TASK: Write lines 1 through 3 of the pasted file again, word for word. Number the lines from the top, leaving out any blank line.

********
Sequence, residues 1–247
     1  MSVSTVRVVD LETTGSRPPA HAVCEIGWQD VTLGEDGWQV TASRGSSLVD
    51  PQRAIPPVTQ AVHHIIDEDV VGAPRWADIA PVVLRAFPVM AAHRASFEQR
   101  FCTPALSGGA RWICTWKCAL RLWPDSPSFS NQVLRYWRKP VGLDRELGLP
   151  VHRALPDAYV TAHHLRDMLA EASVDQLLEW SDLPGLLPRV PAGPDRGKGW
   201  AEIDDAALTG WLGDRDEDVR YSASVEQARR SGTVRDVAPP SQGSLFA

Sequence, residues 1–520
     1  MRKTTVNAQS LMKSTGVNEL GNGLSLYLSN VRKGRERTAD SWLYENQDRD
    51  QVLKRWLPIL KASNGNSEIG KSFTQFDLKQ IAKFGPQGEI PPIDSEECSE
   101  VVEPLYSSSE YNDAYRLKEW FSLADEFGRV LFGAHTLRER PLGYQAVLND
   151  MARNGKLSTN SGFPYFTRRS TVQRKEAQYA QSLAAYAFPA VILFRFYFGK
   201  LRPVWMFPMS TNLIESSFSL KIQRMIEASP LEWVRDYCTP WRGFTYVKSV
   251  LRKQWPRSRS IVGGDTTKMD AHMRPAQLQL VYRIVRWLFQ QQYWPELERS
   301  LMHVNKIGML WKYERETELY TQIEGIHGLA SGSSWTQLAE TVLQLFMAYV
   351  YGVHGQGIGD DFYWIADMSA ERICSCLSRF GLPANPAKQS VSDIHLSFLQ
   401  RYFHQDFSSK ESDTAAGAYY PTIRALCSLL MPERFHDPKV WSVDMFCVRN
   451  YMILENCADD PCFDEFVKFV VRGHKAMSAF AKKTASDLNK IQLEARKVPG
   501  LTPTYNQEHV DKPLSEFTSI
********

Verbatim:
Sequence, residues 1–247
     1  MSVSTVRVVD LETTGSRPPA HAVCEIGWQD VTLGEDGWQV TASRGSSLVD
    51  PQRAIPPVTQ AVHHIIDEDV VGAPRWADIA PVVLRAFPVM AAHRASFEQR